Author Interview – Pres Maxson
Winner of The Naked Reviewers Godiva Book Of The Year award, Pres Maxon is in the house! His book, Pigeon is amazing.
I met Pres when he submitted his book, Pigeon for review to The Naked Reviewers. How proud I am for him that he won our Book Of The Year Award.
Please allow us to introduce, Pres Maxon.
Interview conducted by Sherry Terry.
TNR: What was the hardest thing about writing your latest book?
Pres: I remember the process for Pigeon as being really easy when I wrote it between 2016 and 2017. My first book, Bender at the Bon Parisien was already out there, and I’d learned some lessons about how to write a novel, so I was eager to put them into action on a second book. While Bender took two years to write, the idea for Pigeon developed pretty quickly – characters and plot both fell into place and felt natural.
The book I’m working on now has been a lot harder. Finding the right tone for the characters’ voices, the right turns in the plotline, has been more difficult. But that’s part of the fun of the creative process. So, if there is one hardest thing about writing, I’d say it’s the malleability of the process itself. What worked for me the last time around has morphed a little as I’ve gained experience and my skills have changed (hopefully improved), and it’s presenting new challenges this time.
TNR: New challenges keep you on your toes. Are there any other genres you read besides the one you write in?
Pres: Oh definitely. I read historical non-fiction quite a bit. I love reading about American and European history. I really like classic literature as well. And every so often I sneak in something that will help the business and marketing side of my brain. I go through sprints of reading memoirs and biographies as well. I love the Beatles, so I like reading about Lennon and McCartney Springsteen’s autobiography was really something else. So vivid. I love reading about Lincoln, too. So it’s a good spectrum of genres.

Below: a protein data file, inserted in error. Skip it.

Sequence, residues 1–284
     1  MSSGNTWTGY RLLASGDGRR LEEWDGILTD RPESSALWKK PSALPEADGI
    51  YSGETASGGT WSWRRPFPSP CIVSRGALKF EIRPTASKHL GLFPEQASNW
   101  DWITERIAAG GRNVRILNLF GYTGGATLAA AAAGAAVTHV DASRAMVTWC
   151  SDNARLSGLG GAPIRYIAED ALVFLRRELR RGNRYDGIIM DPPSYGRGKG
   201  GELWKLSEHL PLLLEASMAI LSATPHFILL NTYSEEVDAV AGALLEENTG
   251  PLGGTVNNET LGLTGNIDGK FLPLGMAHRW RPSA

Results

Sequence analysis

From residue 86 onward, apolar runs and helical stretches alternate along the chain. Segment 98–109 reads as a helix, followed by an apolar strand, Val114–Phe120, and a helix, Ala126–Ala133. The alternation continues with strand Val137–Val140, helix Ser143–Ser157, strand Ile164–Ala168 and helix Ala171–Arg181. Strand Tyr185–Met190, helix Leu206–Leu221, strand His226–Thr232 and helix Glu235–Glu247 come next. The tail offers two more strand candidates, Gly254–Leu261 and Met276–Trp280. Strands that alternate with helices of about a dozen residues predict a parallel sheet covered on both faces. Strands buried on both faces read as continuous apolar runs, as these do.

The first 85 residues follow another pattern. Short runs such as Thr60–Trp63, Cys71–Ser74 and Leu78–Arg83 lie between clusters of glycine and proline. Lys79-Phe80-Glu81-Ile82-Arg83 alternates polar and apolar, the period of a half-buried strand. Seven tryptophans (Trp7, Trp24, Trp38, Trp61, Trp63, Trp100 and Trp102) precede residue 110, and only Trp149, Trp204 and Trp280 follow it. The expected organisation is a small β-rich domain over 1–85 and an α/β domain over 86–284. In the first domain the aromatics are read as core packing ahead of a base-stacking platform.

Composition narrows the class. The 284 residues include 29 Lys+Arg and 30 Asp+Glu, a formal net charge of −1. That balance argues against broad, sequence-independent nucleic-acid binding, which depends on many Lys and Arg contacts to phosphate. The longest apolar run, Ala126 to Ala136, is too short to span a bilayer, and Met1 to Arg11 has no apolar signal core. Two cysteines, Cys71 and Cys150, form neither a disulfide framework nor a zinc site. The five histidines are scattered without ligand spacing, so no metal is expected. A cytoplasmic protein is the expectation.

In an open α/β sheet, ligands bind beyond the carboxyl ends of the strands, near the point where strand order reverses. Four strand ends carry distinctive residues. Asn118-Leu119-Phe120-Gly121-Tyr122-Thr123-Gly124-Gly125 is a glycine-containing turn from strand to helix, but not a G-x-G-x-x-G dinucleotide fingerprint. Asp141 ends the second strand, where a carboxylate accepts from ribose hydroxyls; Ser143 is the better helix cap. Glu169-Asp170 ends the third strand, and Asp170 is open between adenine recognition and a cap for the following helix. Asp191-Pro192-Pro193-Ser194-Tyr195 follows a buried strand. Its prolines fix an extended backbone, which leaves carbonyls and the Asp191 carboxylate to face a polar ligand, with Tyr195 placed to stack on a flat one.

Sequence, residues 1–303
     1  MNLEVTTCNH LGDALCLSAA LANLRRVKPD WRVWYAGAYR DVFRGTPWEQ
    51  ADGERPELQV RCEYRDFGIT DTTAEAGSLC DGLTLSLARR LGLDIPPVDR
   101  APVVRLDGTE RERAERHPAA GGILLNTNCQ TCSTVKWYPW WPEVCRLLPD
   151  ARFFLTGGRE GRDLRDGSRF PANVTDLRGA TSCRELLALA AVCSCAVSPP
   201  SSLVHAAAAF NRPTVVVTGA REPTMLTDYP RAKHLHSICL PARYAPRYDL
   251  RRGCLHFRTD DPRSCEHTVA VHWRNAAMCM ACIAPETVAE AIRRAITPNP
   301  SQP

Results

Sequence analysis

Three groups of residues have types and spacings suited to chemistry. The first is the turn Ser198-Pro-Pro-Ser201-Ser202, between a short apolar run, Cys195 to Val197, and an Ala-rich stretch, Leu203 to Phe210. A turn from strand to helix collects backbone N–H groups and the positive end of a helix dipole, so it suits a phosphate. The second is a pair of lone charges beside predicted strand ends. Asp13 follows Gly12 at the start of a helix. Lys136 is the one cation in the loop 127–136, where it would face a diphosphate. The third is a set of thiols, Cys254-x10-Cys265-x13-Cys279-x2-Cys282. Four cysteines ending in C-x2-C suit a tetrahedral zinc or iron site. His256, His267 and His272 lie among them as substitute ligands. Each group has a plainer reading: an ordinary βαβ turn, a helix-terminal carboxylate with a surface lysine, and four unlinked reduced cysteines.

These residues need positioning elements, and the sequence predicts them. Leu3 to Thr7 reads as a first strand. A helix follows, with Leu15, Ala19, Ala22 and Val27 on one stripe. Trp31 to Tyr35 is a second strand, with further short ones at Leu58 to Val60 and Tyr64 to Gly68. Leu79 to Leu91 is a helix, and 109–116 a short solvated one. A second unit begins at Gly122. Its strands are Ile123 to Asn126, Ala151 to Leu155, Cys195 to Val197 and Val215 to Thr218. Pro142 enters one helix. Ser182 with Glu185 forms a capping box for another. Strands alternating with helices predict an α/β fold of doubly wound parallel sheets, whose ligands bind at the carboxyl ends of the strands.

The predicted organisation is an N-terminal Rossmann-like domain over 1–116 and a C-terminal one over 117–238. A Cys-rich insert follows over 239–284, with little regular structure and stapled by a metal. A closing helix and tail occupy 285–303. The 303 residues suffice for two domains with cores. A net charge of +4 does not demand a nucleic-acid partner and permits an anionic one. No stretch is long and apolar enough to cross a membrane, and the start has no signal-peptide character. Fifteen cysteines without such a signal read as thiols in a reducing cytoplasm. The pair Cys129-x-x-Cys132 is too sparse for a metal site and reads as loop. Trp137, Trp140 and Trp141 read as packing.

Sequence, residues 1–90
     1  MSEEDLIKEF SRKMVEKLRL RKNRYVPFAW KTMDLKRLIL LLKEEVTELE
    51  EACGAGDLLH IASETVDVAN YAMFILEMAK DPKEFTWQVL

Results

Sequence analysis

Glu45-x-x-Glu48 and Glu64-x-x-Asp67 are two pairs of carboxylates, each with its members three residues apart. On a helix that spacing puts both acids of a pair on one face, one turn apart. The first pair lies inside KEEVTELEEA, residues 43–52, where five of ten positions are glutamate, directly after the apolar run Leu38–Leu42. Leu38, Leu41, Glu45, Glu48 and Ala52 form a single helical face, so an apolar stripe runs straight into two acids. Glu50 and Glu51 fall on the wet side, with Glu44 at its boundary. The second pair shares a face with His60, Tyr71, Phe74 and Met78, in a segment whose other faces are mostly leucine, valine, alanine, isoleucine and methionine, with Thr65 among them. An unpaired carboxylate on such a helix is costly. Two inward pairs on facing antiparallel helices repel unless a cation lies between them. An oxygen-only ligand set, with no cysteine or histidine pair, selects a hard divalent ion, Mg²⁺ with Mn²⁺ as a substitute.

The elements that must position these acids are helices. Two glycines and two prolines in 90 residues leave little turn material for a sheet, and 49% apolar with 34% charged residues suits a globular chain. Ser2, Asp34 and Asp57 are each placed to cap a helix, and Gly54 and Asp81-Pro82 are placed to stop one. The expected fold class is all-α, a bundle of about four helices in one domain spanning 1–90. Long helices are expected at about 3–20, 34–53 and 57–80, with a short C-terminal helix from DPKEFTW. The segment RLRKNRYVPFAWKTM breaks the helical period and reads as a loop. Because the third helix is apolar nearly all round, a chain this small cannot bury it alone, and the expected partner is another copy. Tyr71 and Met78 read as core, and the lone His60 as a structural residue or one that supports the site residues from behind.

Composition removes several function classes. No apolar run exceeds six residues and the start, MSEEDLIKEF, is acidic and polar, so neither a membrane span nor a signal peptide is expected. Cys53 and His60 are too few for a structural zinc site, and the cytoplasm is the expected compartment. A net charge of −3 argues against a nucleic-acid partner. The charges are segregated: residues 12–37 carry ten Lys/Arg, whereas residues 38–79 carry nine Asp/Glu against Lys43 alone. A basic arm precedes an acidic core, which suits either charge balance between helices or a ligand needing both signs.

TNR: How much research do you do?
Pres: I’d say humor/mystery is decidedly not scholarly. I just try to write from things I already know. For instance, I’m working on a period piece (sort of) right now that’s set during a time frame I’ve read about a lot for fun. So, I haven’t cracked a book for purposes of my newest project. I just have what I already know from a decade of reading about that period for pleasure.
Another example: both Pigeon and Bender at the Bon Parisien are set in Paris, and while the characters inhabit and visit several places around town, most of those places (cafés, shops, etc.) are fictional. I need them to feel real, though, and if someone is familiar with Paris, I’d want those places to be believable (within the world I’ve created). So, I draw on places I’ve been for that I don’t pour over maps, look up pictures, or watch films set in cafés in Paris as I look for the perfect spot.
TNR: Interesting take on research. Do you work to an outline or do you prefer to just see where an idea takes you?
Pres: I do work from an outline, but I allow a lot of flexibility for ideas to pop up. By the end of the first draft, the plotline usually looks different from the outline that informed it. I know many writers who just see where the page takes them, but when I’m writing a mystery, I know I almost have to know the end first. If I don’t know where I’m going, the reader will probably be able to tell. I set up an ending that’s entertaining, meaningful, and satisfying all at once. And then the hard part: I have to actually deliver it. And I just don’t think I’m a good enough writer to do that without planning ahead with an outline.
TNR: Do you proofread/edit all your own books before you submit them for traditional publishing or self-publish them, or do you have someone who does it?